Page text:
Prefix tables

Submitted by raevnos on Thu, 2007-05-24 17:03

Prefix tables, aka ptabs, are a (string key,value) lookup structure used to find the entry for a name that is the unique prefix of a key in the table. For example, they're used by @set for flag names so that you don't have to get the full name of the flag.

API

To use a ptab, #include "ptab.h" if it isn't already in the source file. Prefix tables then can be declare using the PTAB type.

For example:
PTAB ptab_sample;

Before using any other functions on a new ptab, it must be initialized, with ptab_init(), which takes a pointer to a PTAB as its argument. Unless otherwise mentioned, all ptab functions take a pointer to a PTAB as their first argument.

Example:
ptab_init(&ptab_sample);

When done with the table, call ptab_free() to release allocated memory:

ptab_free(&ptab_sample);

Before looking up anything, you have to add (key,value) tuples to the table. There are three steps involved in this. First, you have to call ptab_start_inserts(), then add new entries with ptab_insert(ptab, key, data). Once done inserting items, call ptab_end_inserts(). You can only insert items between a start/end; lookups are disallowed.

Example:


ptab_start_inserts(&ptab_sample);
for (n = 0; n < initarray_size; n++) {
ptab_insert(&ptab_sample, initarray[n].key,
initarray[n].value);
}
ptab_end_inserts(&ptab_sample);

With version 1.8.3p3 and later, you can use ptab_insert_one() to insert a single new item. It's better to use ptab_insert() when inserting multiple entries at one time.

Example:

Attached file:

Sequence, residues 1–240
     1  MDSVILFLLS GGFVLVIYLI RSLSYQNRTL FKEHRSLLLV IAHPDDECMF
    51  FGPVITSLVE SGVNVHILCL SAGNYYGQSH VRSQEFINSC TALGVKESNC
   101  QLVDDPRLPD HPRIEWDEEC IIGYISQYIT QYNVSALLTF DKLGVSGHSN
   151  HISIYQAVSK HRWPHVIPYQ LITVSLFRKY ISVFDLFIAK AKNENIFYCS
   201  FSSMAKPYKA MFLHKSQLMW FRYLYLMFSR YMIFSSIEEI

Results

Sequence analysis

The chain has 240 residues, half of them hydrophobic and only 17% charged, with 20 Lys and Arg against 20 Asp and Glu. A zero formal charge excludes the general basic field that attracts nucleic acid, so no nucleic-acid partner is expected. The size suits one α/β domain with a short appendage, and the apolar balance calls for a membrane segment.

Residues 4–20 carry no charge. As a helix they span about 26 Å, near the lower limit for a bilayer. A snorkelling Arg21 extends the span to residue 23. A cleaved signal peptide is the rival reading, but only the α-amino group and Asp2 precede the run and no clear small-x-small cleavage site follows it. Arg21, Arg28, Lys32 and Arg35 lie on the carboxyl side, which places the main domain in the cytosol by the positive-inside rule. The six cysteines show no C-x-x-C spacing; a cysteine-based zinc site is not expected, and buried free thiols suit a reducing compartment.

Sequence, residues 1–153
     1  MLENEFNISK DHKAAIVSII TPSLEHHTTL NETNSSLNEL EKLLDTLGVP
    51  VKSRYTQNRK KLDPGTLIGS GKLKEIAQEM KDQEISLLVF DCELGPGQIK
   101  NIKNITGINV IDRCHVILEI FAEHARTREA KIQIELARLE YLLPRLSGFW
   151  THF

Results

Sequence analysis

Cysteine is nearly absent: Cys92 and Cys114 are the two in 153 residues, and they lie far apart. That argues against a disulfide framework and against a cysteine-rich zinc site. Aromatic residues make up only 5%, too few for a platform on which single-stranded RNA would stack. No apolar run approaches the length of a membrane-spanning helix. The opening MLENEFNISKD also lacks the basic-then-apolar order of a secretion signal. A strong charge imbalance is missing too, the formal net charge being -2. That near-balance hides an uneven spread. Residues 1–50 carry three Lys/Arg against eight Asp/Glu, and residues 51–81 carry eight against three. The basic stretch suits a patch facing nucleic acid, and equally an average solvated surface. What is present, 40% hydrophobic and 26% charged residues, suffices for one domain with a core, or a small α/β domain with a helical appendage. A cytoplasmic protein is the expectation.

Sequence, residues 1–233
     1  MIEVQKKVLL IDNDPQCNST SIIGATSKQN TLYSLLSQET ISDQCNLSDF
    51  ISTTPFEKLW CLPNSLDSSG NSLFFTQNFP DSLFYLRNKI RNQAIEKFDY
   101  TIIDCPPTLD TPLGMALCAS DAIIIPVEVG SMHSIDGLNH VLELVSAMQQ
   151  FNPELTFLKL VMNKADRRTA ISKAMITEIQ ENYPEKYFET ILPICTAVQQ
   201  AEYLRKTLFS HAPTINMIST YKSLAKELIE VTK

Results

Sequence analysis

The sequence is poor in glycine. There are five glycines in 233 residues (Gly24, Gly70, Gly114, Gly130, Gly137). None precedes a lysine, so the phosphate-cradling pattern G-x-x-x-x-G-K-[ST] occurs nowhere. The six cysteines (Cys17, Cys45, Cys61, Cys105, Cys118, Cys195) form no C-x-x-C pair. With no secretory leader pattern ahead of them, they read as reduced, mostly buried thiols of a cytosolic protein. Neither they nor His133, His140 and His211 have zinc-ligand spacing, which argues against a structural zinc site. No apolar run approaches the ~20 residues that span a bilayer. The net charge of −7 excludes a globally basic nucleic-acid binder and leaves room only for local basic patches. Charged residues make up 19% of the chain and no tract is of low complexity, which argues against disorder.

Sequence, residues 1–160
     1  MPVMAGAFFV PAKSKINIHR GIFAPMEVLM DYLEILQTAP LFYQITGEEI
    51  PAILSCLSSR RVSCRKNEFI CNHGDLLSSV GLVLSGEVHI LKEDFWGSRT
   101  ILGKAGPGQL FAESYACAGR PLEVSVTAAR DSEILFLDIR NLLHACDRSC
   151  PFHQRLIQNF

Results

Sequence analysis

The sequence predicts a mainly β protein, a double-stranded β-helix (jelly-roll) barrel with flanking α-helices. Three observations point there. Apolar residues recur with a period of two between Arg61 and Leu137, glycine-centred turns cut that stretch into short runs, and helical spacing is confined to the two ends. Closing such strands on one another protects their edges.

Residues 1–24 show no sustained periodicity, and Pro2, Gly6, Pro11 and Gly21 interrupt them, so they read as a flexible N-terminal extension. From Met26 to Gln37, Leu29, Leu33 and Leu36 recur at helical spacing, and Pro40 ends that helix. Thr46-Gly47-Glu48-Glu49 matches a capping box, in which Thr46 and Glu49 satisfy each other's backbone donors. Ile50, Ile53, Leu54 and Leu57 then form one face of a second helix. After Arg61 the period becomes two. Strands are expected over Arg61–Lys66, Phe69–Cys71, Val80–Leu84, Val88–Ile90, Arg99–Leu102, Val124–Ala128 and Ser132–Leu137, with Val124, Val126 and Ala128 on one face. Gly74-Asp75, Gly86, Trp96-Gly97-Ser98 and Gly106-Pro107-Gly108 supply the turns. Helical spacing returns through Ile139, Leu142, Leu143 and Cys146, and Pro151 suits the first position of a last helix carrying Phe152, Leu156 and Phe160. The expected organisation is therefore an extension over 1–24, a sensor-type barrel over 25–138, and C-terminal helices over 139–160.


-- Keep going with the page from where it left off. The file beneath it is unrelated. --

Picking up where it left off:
ptab_insert_one(&ptab_sample, "I AM A UNIQUE PREFIX", &stdin);

You can look up an entry with ptab_find(). If an entry matching the given key is found, that element's data pointer is returned. If it's not found or there are more than one keys with the given lookup key as a prefix, NULL is returned. Note that this means that if you use a NULL data pointer, there is no way to tell it apart from a failed lookup.

Example:
data = ptab_find(&ptab_sample, "I AM A");

You can also do a lookup testing for an exact match only with ptab_find_exact():

data = ptab_find_exact(&ptab_sample, "I AM A UNIQUE PREFIX");

Delete entries from a table with ptab_delete(). The key must be an exact match, and no cleanup is done of the data pointer. If it needs to be freed, that has to be done first.

Example:
ptab_delete(&ptab_sample, "I AM A UNIQUE PREFIX");

Finally, you can iterate through all entries in a table with the ptab_firstentry_new() and ptab_nextentry_new() functions. The former returns the data of the first element, and the latter subsequent data. It returns NULL once all elements have been returned. The second argument to each, if non-NULL, must be large enough to hold the longest key in the table. If you don't care about the key, use ptab_firstentry() and ptab_nextentry().

Internals
Internally, ptabs are implemented as a sorted array. Exact lookups are done with a binary search and thus have a O(log N) performance. Prefix lookups use a modified binary search that finds the first entry with a prefix of the lookup key and checks the elements before and after. to see if it's unique.

When new entries are added, the key (A string) is copied. The calling function can safely free the memory used as the key argument if needed. The data pointer is merely stored.

ptab_start_inserts() marks the table as being unsorted. ptab_insert() adds new elements to the end of the array, and ptab_end_inserts() sorts it again. ptab_insert_one() does a single insertion into the proper place in the table.

See the documentation of ptab.c for more information.